Thomas soon proves to the Gladers that he is not the typical newbie, and his intuitive drive toward becoming a maze runner soon drives him to make risky decisions. However, these risks ultimately prove that Thomas is different and soon the other boys begin to suspect that Thomas has some sort of deeper connection with "the makers." Thomas is further held suspect when only a couple days after his arrival another newbie arrives to the Glade and it's a girl. The routine established over the course of the two years of Glade life is dramatically interrupted, and to make matters worse this girl arrives with a warning that everything is going to change.
Thomas also feels an inexplicable connection to the girl and is compelled to hide this feeling from his fellow Gladers in fear of arousing even more suspicion about his presence in the Glade.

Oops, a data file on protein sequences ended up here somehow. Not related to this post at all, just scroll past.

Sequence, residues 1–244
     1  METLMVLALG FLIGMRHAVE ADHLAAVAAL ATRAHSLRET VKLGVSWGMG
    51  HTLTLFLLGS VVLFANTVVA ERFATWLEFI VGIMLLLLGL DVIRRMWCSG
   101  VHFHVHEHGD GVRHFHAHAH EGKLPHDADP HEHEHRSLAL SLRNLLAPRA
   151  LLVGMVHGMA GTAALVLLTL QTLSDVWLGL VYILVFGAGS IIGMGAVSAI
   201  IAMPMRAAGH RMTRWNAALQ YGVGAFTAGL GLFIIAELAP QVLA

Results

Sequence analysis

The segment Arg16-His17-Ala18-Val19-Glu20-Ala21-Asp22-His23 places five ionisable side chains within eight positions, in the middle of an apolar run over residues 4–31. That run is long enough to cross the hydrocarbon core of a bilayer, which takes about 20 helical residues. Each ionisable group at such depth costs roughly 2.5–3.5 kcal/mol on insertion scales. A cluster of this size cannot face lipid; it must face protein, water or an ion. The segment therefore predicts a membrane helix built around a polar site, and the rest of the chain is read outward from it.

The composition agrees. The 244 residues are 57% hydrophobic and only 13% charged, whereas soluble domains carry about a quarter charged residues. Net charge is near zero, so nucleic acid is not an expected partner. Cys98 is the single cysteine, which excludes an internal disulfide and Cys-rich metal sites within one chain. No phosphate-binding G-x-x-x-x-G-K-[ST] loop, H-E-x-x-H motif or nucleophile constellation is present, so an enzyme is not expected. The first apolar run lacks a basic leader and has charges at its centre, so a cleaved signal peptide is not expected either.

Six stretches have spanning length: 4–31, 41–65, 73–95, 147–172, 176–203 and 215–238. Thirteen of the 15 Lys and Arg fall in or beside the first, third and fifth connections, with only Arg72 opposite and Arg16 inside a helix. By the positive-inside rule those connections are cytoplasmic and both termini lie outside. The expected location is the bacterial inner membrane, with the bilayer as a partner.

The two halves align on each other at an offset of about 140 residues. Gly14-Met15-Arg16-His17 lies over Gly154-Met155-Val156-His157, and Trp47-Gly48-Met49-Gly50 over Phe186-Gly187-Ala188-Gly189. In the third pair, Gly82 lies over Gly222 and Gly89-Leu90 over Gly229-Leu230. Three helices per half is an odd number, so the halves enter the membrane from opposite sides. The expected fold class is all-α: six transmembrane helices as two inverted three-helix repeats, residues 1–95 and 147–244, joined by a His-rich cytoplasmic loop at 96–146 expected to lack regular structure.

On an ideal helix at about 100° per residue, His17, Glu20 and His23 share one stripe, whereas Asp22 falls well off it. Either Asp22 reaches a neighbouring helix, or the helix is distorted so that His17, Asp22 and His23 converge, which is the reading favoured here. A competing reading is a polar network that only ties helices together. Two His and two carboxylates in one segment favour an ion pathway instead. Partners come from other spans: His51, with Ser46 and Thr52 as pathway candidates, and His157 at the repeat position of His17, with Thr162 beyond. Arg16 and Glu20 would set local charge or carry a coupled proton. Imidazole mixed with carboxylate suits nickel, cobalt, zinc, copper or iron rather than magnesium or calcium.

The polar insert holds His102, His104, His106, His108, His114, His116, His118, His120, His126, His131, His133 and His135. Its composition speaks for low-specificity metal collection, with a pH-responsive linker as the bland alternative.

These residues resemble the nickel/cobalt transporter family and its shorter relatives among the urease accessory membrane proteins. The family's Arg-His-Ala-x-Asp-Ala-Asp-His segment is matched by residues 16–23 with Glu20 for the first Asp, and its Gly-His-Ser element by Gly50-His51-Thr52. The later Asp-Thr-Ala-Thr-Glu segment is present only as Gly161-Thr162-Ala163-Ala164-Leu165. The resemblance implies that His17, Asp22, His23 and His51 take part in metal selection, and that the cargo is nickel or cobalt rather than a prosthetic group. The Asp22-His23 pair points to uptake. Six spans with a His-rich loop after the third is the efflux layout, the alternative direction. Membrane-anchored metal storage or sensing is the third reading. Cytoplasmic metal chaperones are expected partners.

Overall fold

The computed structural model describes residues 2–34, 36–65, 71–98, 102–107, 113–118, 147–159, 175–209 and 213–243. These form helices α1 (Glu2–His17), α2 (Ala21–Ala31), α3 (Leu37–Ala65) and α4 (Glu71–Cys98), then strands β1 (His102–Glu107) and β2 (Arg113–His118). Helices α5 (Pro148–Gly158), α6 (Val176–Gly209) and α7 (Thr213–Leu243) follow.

There are some great secondary characters in this story that make Thomas's time there a little more bearable. Newt quickly became one of my favorites as he is clearly the glue that keeps the Glade society working, and he is level headed enough to hear Thomas out and trust him. Minho is the maze runner who takes Thomas under his wing; the two of them have great chemistry that rests on both of their abilities to understand the maze and the thought that goes into being a runner. And then there's Chuck, the young Glader who arrived just before Thomas, who forms a brother-like bond with Thomas that provides our protagonist with a great sense of comfort and annoyance.